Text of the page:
(L-R) TIMOTHÉE CHALAMET as Paul Atreides and AUSTIN BUTLER as Feyd-Rautha Harkonnen in Warner Bros. Pictures and Legendary Pictures’ action adventure “DUNE: PART TWO,” a Warner Bros. Pictures release. Copyright: © 2024 Warner Bros. Entertainment Inc. All Rights Reserved. Photo Credit: Niko Tavernise
(L-R) TIMOTHÉE CHALAMET as Paul Atreides and AUSTIN BUTLER as Feyd-Rautha Harkonnen in Warner Bros. Pictures and Legendary Pictures’ action adventure “DUNE: PART TWO,” a Warner Bros. Pictures release. Copyright: © 2024 Warner Bros. Entertainment Inc. All Rights Reserved. Photo Credit: Niko Tavernise

Feyd-Rautha is the nephew to the Baron, and also one of the Bene Gesserit’s prospects. He is haunting in this film. He is as intimidating as Dave Bautista, but has even more of a psychotic energy, and has a commanding on screen presence. Feyd-Rautha brings a dark, menacing energy that is terrifying, but you can’t look away. He is seen fighting in an arena in the trailers, and his fighting style is violent; he enjoys getting the kill. Butler is sure to be celebrated for this performance and his Feyd-Rautha will go down as an iconic film villain. 

Fans of the book will know where the story in this film is going, but the tension and pacing are well done, and keep fans on the edge of their seat. Nearing the final battle, the pacing slowed down for a moment and I found myself hoping it would pick up soon; thankfully, it did. But before this point, the movie did start to feel a little long, as it approached the stunning climax. The fight sequences are also much more intricate and captivating in this installment. Towards the middle of the film, there is one fight sequence that has one long shot. The camera was a little shaky, giving it an almost handheld feel, which gives the audience the experience of being there live as part of the action. 

Author Frank Herbert was greatly influenced by Middle Eastern and North African (MENA) culture for his Dune books, even including Arabic words in the text. These films are also largely inspired by MENA culture and clothing, while disappointingly not having Arab actors in major roles. Souheila Yacoub, who is of Tunisian descent, is one of the newcomers to the cast as the Fremen warrior Shishakli. Yacoub is amazing and has some very welcome comedic moments in the film. Shishakli also creates some important tension in the earlier parts of the film by not being quick to accept Paul. It is great to see this film add an actor of Arab descent, a trend that will hopefully continue as the franchise progresses.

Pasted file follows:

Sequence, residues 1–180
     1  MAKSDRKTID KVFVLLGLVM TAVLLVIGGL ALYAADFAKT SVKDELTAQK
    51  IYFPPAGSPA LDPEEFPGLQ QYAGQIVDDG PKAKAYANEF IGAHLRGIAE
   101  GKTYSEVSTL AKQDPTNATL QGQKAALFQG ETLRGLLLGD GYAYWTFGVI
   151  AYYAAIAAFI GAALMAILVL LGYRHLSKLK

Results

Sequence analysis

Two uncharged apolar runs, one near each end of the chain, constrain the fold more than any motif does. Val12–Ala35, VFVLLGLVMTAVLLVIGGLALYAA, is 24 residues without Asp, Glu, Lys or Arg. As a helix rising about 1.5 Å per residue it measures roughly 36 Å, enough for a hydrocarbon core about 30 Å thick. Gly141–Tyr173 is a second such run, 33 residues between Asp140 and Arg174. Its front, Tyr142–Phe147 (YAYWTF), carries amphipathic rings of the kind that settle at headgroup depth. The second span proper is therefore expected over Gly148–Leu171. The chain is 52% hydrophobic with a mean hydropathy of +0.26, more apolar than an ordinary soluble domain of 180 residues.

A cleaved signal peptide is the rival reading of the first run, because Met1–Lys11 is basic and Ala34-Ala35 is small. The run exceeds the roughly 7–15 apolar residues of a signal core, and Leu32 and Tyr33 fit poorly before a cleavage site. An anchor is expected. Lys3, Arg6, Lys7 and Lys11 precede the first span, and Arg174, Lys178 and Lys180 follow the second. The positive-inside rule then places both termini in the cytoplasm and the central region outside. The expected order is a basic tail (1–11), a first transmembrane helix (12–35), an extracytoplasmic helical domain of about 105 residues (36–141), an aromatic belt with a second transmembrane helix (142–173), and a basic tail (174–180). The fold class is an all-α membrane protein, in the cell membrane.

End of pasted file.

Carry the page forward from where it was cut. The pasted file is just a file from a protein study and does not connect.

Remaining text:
ZENDAYA as Chani in Warner Bros. Pictures and Legendary Pictures’ action adventure “DUNE: PART TWO,” a Warner Bros. Pictures release. Copyright: © 2024 Warner Bros. Entertainment Inc. All Rights Reserved. Photo Credit: Courtesy of Warner Bros. Pictures
ZENDAYA as Chani in Warner Bros. Pictures and Legendary Pictures’ action adventure “DUNE: PART TWO,” a Warner Bros. Pictures release. Copyright: © 2024 Warner Bros. Entertainment Inc. All Rights Reserved.
Photo Credit: Courtesy of Warner Bros. Pictures

The first film received much push back for erasing the MENA influences and nuance from Frank Herbert’s original novel. Much of Herbert’s social commentary was absent from the 2021 film, and one such article that was very eye opening to me personally was written by Haris A. Durrani and published in The Washington Post. Given that I am not of MENA descent, my perspective on whether or not the representation was handled better this time around is limited. However, there was one scene that felt hard to watch, as it depicted the Fremen being subject to an attack by the Harkonnen, and the imagery was disturbing. Watching predominantly white characters (House Harkonnen) bomb the Fremen (who are inspired by Arab culture) was uncomfortable. More broadly, the social commentary is not as poignant as it could have been in this movie, but the dangers of Paul as a messianic figure are definitely explored. It will fall on the next film to further delve into the message, and hopefully the it will do a better job including Arab and MENA voices in front of, and behind, the camera. I will certainly be educating myself more on the MENA influences in Frank Herbert’s Dune, and that which have made it into these two films thus far, in preparation for the third Dune film. In the meantime, all fans would find their experience and knowledge of these stories enriched by seeking out Southwest Asia and North Africa (SWANA) and MENA voices and opinions for this film.

RATING – 4/5 Pocky

Pocky Rating 4
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Jorgie is a pop culture fan and contributor at POCculture.com. He loves learning about visual effects, production, film, and art, and how they all come together to make films like Star Wars.